Often when contemplating a GMP application software project it is desirable to use the software vendor’s protocols to minimize cost. It would be natural to assume that the vendor’s protocols should provide a cost savings, as the vendor’s protocols had previously been executed as part of the testing to release the software for commercial sale. Or, alternatively were used on previous commissioning / validation projects. This was the expectation at one recent project however; the reality of the situation was quite different.
On a recent project, testing protocols were purchased from the software vendor for a validation of an application to be used in a GMP environment. These protocols were the vendor’s standard test package for the system. The customer (End-User) executed the protocols; however, they experienced a 100% failure rate. Examples included:
- Lack of detail in the test setup.
- Missing software functions and features.
- Lack of requirements to capture objective evidence.
- Test scripts that could not be followed by a competent qualified user of the system.
- Significant time required for test error resolution between the end-user and the vendor.
The 100% failure rate created questions in the end-users mind as to the quality of the vendor testing and test protocols. The high failure rate negatively affected both project budget and schedule to launch a validated application for GMP use.
Investigation and Solution:
The Performance Validation CSV team was brought in to assist the end-user in resolving these problems. However, was the issue an application problem or a test protocol problem? Performance Validation executed dry runs of the vendor’s testing protocols and identified that:
- The test protocols were originally written by the vendor and were written for a high-level user (i.e. someone with a significant implicit knowledge of how the application worked) thus the test protocols did not contain adequate detail in test setup (explicit) information to allow a competent end-user to execute the tests and obtain replicate vendor test results.
- The test protocols were written assuming full functionality of the application; however, the end-user did not require full functionality and was only implementing select portions of the application. The selection of required testing to demonstrate suitability for use complicated testing and the testing setup.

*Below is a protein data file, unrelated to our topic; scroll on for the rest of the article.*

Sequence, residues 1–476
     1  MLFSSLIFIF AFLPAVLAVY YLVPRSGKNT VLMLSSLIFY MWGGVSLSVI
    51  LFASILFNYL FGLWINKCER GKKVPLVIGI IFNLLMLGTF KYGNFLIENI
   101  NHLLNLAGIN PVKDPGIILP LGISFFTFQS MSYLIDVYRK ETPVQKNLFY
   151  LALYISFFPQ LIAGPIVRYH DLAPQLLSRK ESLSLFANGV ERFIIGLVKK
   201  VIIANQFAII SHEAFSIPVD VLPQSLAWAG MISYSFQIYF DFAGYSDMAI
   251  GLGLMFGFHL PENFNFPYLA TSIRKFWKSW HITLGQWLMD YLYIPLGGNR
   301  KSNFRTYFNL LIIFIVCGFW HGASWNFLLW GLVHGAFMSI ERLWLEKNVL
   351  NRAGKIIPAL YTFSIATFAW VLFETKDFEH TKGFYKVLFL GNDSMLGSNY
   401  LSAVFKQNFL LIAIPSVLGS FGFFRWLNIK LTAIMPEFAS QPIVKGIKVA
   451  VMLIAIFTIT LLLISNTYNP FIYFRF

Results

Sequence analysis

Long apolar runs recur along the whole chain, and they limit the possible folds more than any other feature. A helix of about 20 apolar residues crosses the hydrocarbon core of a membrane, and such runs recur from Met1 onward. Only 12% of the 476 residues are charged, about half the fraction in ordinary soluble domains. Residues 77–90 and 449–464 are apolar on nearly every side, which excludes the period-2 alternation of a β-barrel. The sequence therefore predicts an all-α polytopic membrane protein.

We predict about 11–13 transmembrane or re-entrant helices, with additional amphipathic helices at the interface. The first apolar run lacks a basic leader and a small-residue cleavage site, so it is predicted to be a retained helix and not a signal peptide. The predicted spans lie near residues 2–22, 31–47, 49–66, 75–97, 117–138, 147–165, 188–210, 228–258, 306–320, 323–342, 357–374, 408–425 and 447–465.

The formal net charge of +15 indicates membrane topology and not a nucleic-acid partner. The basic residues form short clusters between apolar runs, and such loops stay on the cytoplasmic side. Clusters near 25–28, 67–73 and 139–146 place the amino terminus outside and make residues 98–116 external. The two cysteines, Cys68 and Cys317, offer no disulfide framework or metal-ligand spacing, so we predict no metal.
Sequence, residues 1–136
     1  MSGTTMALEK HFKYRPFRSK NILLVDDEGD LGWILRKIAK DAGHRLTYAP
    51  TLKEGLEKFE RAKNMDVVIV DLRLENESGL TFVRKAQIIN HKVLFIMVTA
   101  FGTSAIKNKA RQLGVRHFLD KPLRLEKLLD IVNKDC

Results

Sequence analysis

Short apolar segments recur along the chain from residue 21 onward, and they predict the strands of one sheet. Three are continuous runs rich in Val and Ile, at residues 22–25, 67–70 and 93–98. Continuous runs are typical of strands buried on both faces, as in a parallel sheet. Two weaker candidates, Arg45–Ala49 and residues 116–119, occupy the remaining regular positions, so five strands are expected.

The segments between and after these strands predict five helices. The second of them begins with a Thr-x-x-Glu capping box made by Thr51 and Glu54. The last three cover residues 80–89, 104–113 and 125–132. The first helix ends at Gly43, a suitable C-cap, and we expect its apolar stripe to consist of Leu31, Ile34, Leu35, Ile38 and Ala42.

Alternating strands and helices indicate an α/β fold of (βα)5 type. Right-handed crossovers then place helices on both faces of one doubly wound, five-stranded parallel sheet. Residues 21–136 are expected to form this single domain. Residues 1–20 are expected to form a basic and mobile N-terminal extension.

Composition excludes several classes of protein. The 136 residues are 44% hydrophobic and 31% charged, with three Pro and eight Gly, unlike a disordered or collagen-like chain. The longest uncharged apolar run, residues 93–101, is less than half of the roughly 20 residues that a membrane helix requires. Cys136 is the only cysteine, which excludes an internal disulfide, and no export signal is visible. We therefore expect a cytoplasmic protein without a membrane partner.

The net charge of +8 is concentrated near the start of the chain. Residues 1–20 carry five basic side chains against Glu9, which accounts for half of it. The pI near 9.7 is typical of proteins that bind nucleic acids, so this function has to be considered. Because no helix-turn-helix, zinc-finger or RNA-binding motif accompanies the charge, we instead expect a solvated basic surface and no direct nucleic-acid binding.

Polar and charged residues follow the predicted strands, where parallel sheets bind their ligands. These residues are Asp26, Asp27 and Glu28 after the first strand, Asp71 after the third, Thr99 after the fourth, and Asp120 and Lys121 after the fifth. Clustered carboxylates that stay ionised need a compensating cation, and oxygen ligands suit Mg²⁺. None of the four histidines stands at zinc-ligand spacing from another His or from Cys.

- The software was configured for automatic updates. This created a problem, as the software was receiving updates periodically without the test scripts being reviewed, so menu names and windows had been changed and the “Expected Results” of the test scripts were no longer correct, and were not met during execution.
- The individual test scripts did not require collection of objective evidence.
The Results & Benefits:
While the use of vendor provided testing protocols may provide an opportunity for considerable cost savings it is important to understand the difference in the intended use and of the rigor required for GMP testing versus product release testing. It is a GMP expectation that testing is repeatable and that testing can provide reproducible results independent of the individual performing the testing (i.e., any qualified individual should be able to complete the test and obtain the same result). Additionally, GMP testing is expected to capture objective evidence required to demonstrate satisfactory completion.
Factors that end-users should consider when contemplating use of Vendor test documents:
- Do the test protocols accurately capture the explicit and implicit elements necessary to complete the test?
- Do the test scripts accurately reflect the intended use of the software application (i.e., as purchased, as configured, as used)?
- Do the test scripts require the capture of objective evidence (where appropriate), which demonstrates the satisfactory completion of the test step?
- How will minor/major or application updates be factored into the testing program?
The process of identifying and resolving testing errors is a significant cost and risk to any Computer System Validation project. Because of the identified issues, the end user spent time and money dry running, sending comments back to the vendor and waiting for updated protocols to be returned and that could have been avoided. Had the testing been maintained and updated after system updates as well as test setup being detailed enough for a less experienced customer, the test protocol execution would have been much more smooth and efficient.
For more information please contact:
Sr. Validation Engineer
Performance Validation, LLC.
5168 Sprinkle Road
Portage, MI 49002